It’s the news of the weekend. And it’s no wonder. We’re talking about the most influential person in the tech world of the past year, Sam Altman, and the most famous artificial intelligence tool on the planet, ChatGPT. No one would think that the CEO of a successful company could be fired overnight.
The sudden and mysterious removal of Sam Altman, CEO of OpenAI, by the company’s board of directors, shocked the world of technology and triggered a frenzied guessing game about the reasons behind the downfall of one of the industry’s biggest stars, at a time when everything seemed to be going in his favor.
And as they say in The New York Times, no one knows for sure what could have happened. In a blog post published on Friday, the company stated that Altman “was not always truthful in his communications” with the board but did not provide further details.
Lack of transparency and working in the shadows
A company-wide meeting held on Friday afternoon at OpenAI didn’t reveal much more. According to internal sources, Ilya Sutskever, the company’s chief scientist and a board member, defended the dismissal.
The accusation goes further, as Sutskever claimed it was necessary to protect OpenAI’s mission of making artificial intelligence beneficial for humanity.
Mr. Altman did not comment on the exact circumstances of his departure on Friday. However, Greg Brockman (co-founder and president of OpenAI, who resigned on Friday in solidarity with the ousted CEO) issued a statement saying that both were “shocked and saddened by what the board did today.”
There will be a lot of palace intrigue in the coming days as the whole story unfolds. But some things are already clear.
What we do know about the dismissal
Primarily, the dismissal was made possible due to OpenAI’s unusual corporate governance structure. OpenAI originated in 2015 as a nonprofit organization and in 2019 established a limited-profit subsidiary, a novel arrangement where investor returns are capped at a certain amount above their initial investment.
However, it retained the nonprofit organization’s mission and granted the nonprofit’s board the power to govern the activities of the limited-profit entity, including the dismissal of the CEO.
Unlike other tech founders who maintain control through dual-class stock structures, Altman doesn’t directly own any shares of OpenAI.
OpenAI’s board holds several distinct features. It’s small (six members before Friday) and includes various AI experts who don’t hold company shares.
Their directors aren’t tasked with maximizing shareholder value, as most corporate boards are, but rather have a fiduciary duty to create safe AGI – artificial general intelligence – “that is broadly beneficial.”
At least two board members, Tasha McCauley and Helen Toner, are associated with the Effective Altruism movement, a utilitarian-inspired group that has propelled research on AI safety and raised concerns that powerful AI systems could potentially lead to human extinction.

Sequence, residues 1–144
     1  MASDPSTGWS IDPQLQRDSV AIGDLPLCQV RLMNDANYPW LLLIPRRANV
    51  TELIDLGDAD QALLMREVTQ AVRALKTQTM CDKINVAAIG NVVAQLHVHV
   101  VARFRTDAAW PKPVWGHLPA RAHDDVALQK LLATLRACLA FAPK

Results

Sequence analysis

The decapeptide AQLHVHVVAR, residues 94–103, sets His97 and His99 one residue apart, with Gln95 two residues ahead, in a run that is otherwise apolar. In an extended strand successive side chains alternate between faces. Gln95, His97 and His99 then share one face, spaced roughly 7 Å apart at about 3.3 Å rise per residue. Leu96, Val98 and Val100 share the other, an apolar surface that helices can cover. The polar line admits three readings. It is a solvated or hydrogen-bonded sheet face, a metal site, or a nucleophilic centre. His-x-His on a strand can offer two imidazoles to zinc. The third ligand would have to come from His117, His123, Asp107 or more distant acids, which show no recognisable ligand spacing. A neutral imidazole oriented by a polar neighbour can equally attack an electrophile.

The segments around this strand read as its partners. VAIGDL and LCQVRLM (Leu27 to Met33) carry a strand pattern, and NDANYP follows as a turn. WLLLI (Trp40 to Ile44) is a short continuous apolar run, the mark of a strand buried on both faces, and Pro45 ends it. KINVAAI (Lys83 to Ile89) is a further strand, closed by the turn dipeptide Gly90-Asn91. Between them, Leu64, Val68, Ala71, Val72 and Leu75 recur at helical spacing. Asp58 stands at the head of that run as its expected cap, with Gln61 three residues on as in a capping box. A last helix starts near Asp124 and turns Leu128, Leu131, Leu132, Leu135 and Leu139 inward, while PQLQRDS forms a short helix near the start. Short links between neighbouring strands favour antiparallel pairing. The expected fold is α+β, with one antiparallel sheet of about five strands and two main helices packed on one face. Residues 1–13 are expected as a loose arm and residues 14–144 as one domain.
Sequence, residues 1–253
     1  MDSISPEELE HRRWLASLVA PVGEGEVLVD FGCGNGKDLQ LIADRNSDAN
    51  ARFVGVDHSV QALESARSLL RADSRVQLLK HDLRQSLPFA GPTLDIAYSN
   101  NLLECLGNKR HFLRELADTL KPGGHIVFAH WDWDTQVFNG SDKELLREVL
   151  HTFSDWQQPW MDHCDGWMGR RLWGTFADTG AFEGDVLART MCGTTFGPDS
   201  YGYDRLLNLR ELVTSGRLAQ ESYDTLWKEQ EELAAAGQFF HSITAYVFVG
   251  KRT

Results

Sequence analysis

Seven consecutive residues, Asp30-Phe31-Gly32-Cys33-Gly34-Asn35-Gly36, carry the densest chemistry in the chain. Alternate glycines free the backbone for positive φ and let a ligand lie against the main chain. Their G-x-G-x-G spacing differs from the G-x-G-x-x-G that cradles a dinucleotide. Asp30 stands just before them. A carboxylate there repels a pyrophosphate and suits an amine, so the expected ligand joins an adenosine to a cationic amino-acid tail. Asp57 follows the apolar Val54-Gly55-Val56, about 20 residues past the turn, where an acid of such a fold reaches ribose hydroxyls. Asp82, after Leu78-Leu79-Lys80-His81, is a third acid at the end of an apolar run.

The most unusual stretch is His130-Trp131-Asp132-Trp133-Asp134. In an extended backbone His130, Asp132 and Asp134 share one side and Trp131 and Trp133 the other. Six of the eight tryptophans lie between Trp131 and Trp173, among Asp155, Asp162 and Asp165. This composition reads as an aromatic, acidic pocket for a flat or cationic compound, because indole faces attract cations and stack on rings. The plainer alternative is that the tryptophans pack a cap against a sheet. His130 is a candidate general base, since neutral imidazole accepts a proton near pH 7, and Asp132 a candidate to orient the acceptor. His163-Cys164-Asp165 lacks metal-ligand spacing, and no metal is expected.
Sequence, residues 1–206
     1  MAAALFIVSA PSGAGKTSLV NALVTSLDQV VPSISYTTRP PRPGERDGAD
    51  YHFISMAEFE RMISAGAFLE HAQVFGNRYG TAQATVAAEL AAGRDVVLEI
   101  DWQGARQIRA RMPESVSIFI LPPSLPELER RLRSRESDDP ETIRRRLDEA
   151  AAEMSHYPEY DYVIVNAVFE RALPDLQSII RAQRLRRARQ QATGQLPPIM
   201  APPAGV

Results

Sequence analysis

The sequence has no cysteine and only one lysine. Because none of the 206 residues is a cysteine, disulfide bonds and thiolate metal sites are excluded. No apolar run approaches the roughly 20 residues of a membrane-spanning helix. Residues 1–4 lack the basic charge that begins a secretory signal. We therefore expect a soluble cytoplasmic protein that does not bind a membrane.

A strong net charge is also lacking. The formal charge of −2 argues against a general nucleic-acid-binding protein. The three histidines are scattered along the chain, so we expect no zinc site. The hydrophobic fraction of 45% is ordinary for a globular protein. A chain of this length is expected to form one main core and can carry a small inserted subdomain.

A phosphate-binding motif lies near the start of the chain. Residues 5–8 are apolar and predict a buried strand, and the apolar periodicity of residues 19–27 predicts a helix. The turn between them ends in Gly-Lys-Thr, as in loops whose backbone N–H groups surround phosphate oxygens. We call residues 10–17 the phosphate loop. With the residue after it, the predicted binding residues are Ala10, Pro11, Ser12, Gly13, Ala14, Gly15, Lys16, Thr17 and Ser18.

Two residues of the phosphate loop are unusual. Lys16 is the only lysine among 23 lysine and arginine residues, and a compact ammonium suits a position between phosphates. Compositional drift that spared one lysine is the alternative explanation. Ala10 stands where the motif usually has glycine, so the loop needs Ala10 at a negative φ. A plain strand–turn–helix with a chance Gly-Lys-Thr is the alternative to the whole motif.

Another board member, Adam D’Angelo, serves as the CEO of Quora, a question-and-answer website.
Some of Altman’s friends and allies accused these board members of executing a “coup” on Friday. However, it’s still unclear which board members voted to oust Altman and what motivated their actions.
What we also know about Altman’s dismissal is its potential to shake up the entire tech industry. Altman was one of Silicon Valley’s most well-connected executives, thanks to his years leading the startup accelerator Y Combinator. His connections allowed OpenAI to forge strong ties with other tech companies.
Microsoft, in particular, heavily invested in OpenAI, injecting over $10 billion into the company and providing much of the technical infrastructure relied upon by products like ChatGPT.
The future of AI is the future of humanity
It’s almost certain that Altman’s ousting will fuel the cultural war within the artificial intelligence industry, between those who believe AI should progress faster and those who think it should slow down to prevent potentially catastrophic harm.
This debate, sometimes labeled as “accelerationists” versus “catastrophists,” has intensified in recent months as regulators have begun to encroach upon the AI industry and technology has become more powerful.
Some prominent accelerators have blamed industry safety advocates for inflating the risks of AI to entrench themselves.
Safety advocates, on the other hand, have sounded alarms that OpenAI and other companies are advancing too quickly in building powerful AI systems and are ignoring voices of caution.
And some skeptics have accused these companies of stealing copyrighted works from artists, writers, and others to train their models.
Sam Altman has always strived to strike a balance between optimism and concern, making it clear that he believed artificial intelligence would ultimately be beneficial for humanity, yet he also agreed that it needed guardrails and thoughtful design to keep it safe.
None of this is necessarily related to why Mr. Altman was ousted from his company. But it’s certainly a sign of an impending battle.